In the early 1980s law enforcement agencies faced the dawn of the computer age with growing concern about the lack of criminal laws available to fight the emerging computer crimes. Although the wire and mail fraud provisions of the federal criminal code were capable of addressing some types of computer-related criminal activity, neither of those statutes provided the full range of tools needed to combat these new crimes.

In response, Congress included in the Comprehensive Crime Control Act of 1984 provisions to address the unauthorized access and use of computers and computer networks. The legislative history indicates that Congress intended these provisions to provide “a clearer statement of proscribed activity” to “the law enforcement community, those who own and operate computers, as well as those who may be tempted to commit crimes by unauthorized access.” Congress did this by making it a felony to access classified information in a computer without authorization, and a misdemeanor to access financial records or credit histories stored in a financial institution or to trespass into a government computer. In so doing, Congress opted not to add new provisions regarding computers to existing criminal laws, but rather to address federal computer-related offenses in a single, new statute, 18 U.S.C. § 1030.

Even after enacting section 1030, Congress continued to investigate problems associated with computer crime to determine whether federal criminal laws required further revision. Throughout 1985, both the House and the Senate held hearings on potential computer crime bills, continuing the efforts begun in the year before. These hearings culminated in the Computer Fraud and Abuse Act (CFAA), enacted by Congress in 1986, which amended 18 U.S.C. § 1030.

In the CFAA, Congress attempted to strike an “appropriate balance between the Federal Government’s interest in computer crime and the interests and abilities of the States to proscribe and punish such offenses.” Congress addressed federalism concerns in the CFAA by limiting federal jurisdiction to cases with a compelling federal interest-i.e., where computers of the federal government or certain financial institutions are involved, or where the crime itself is interstate in nature.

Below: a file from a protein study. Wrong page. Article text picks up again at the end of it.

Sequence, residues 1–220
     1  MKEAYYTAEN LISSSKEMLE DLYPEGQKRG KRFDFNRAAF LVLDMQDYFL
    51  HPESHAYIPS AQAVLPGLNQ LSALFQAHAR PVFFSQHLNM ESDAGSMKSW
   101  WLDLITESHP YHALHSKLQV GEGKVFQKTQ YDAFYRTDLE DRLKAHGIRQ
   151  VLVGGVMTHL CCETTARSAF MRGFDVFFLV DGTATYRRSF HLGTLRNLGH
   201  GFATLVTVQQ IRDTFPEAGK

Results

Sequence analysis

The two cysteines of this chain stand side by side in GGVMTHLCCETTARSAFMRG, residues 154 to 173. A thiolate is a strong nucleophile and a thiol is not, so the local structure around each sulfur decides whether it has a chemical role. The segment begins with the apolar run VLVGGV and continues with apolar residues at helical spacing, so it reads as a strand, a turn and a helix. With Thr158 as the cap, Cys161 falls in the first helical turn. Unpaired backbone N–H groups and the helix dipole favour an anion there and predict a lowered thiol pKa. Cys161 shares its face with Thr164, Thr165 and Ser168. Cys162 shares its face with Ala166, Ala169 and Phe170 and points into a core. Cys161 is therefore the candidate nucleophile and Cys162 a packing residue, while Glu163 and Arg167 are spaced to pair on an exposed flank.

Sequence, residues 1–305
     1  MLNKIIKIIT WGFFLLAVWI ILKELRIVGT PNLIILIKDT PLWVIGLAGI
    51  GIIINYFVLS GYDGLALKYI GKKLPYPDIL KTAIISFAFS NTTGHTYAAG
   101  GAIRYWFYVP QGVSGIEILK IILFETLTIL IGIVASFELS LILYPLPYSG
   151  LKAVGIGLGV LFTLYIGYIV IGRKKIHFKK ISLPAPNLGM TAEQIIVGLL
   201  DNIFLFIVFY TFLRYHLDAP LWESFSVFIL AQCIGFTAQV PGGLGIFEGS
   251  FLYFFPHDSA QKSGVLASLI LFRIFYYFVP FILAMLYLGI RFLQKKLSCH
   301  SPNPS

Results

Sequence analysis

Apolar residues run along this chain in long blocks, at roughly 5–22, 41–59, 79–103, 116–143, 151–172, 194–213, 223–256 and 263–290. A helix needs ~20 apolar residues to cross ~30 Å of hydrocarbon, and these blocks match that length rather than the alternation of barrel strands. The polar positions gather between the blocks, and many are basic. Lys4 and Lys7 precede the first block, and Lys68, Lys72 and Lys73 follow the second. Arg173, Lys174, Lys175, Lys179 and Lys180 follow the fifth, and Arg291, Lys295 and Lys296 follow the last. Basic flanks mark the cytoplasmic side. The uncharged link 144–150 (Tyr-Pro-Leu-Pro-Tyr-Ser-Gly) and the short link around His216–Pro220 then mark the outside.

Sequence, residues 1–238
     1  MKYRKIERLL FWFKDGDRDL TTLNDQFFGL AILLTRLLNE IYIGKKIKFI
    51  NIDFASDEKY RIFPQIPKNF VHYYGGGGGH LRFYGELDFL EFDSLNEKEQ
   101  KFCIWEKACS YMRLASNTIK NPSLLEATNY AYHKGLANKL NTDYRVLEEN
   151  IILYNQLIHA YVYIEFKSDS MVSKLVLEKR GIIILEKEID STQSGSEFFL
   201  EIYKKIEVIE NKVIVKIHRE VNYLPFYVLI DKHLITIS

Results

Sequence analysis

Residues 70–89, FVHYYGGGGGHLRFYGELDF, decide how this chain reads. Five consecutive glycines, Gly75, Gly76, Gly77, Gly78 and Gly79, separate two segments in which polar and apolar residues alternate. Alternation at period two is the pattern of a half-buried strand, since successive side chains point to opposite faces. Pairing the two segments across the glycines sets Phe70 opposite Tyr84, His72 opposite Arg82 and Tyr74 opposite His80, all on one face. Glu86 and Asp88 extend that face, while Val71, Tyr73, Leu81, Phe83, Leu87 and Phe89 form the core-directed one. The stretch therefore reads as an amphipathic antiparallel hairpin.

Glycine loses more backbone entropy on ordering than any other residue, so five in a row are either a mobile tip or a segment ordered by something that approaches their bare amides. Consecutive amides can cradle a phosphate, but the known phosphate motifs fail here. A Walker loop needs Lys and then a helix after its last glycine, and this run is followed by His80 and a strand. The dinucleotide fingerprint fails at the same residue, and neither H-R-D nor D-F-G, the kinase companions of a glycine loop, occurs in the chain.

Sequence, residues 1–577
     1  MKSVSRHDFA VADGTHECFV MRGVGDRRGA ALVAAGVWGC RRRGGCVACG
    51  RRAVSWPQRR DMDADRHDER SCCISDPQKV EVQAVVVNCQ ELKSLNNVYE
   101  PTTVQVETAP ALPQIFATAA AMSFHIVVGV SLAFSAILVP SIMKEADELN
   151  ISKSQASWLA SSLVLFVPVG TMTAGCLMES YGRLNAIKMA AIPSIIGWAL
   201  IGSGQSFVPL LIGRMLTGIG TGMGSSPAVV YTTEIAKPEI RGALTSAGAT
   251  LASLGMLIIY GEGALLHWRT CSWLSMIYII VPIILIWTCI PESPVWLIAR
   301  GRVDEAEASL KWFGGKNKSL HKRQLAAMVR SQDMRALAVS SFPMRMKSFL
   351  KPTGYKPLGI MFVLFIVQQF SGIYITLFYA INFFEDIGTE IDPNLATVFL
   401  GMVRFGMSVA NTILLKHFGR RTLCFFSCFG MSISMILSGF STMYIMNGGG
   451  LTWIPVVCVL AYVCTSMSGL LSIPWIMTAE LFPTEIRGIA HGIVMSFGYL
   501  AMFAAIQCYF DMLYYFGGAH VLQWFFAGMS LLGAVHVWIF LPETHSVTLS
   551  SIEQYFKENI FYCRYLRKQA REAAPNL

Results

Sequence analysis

In addition to clarifying a number of the provisions in the original section 1030, the CFAA also criminalized additional computer-related acts. For example, Congress added a provision to penalize the theft of property via computer that occurs as a part of a scheme to defraud. Congress also added a provision to penalize those who intentionally alter, damage, or destroy data belonging to others. This latter provision was designed to cover such activities as the distribution of malicious code and denial of service attacks. Finally, Congress also included in the CFAA a provision criminalizing trafficking in passwords and similar items.

As computer crimes continued to grow in sophistication and as prosecutors gained experience with the CFAA, the CFAA required further amendment, which Congress did in 1988, 1989, 1990, 1994, 1996, 2001, and 2002.

The current version of the CFAA includes seven types of criminal activity, outlined in Table 1 below. Attempts to commit these crimes are also crimes. 18 U.S.C. § 1030(b). Lawfully authorized activities of law enforcement or intelligence agencies are explicitly excluded from coverage of section 1030. 18 U.S.C. § 1030(f).

Table 1. Summary of CFAA Compromising Confidentiality Provisions

Guidance on Disclosure and Marketing Issues OCC 8/14/2006  

 Source: U.S. Department of Justice